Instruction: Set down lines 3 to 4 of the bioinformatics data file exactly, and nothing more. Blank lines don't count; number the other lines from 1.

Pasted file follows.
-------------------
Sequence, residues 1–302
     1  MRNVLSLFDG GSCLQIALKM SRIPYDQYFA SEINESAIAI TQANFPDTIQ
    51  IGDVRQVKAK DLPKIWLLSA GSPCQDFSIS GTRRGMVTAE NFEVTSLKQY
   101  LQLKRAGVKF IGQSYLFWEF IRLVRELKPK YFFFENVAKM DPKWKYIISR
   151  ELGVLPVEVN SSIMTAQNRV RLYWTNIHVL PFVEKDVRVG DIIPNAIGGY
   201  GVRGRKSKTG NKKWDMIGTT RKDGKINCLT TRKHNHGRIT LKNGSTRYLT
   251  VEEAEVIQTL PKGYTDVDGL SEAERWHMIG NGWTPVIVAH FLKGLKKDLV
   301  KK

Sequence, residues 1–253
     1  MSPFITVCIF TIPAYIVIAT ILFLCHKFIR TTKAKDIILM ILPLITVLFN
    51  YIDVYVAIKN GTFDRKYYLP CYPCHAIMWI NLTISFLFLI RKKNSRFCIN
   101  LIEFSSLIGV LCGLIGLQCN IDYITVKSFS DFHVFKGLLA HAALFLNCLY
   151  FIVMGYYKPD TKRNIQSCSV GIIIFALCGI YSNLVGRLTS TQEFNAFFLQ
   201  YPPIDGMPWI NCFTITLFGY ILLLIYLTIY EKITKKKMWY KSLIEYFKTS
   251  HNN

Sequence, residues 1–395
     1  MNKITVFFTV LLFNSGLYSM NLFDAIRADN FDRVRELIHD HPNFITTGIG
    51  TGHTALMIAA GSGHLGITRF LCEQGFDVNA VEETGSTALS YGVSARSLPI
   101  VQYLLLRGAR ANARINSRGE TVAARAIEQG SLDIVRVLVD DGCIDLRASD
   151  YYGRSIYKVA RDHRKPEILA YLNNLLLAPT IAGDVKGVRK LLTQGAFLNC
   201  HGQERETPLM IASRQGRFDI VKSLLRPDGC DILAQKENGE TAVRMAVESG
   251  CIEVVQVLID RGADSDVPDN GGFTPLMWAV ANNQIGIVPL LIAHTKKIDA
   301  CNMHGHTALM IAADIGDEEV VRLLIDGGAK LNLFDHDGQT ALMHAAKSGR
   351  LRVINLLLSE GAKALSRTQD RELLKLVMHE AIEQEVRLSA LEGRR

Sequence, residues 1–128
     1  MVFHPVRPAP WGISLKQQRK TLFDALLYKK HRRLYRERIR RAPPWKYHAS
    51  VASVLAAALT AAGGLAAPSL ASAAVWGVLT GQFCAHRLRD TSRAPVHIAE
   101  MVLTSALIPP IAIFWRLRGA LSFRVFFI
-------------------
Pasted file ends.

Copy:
    51  IGDVRQVKAK DLPKIWLLSA GSPCQDFSIS GTRRGMVTAE NFEVTSLKQY
   101  LQLKRAGVKF IGQSYLFWEF IRLVRELKPK YFFFENVAKM DPKWKYIISR